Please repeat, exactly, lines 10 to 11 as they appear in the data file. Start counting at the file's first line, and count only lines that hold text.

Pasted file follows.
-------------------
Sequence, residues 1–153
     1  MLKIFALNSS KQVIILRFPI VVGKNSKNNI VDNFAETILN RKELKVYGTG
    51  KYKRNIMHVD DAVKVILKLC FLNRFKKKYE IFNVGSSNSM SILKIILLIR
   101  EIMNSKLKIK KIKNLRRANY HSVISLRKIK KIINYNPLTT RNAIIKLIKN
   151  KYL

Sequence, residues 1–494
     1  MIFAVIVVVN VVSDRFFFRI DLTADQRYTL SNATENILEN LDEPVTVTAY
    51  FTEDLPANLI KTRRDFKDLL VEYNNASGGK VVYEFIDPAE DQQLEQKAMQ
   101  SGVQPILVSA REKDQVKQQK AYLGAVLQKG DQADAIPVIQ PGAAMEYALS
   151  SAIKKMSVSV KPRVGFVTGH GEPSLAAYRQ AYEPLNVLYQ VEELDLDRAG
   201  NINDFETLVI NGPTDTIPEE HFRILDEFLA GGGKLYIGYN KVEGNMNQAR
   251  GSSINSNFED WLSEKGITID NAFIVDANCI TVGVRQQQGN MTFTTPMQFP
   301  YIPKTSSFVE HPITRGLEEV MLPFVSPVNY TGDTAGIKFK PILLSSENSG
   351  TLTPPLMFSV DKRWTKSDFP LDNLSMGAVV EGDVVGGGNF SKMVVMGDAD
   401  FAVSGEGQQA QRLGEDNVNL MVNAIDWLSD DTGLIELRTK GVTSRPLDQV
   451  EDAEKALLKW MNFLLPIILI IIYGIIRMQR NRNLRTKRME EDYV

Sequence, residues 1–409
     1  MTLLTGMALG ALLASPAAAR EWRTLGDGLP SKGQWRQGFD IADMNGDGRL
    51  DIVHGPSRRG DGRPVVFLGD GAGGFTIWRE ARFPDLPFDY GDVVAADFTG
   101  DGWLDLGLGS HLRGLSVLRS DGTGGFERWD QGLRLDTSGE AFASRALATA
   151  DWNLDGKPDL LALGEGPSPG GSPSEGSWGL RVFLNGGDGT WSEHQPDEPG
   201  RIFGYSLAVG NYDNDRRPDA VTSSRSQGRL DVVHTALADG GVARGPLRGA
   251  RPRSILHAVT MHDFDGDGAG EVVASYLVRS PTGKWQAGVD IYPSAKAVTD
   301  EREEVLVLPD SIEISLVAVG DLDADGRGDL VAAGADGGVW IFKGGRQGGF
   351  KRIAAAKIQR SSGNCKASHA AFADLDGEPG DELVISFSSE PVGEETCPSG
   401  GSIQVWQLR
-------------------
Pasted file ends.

   151  SAIKKMSVSV KPRVGFVTGH GEPSLAAYRQ AYEPLNVLYQ VEELDLDRAG
   201  NINDFETLVI NGPTDTIPEE HFRILDEFLA GGGKLYIGYN KVEGNMNQAR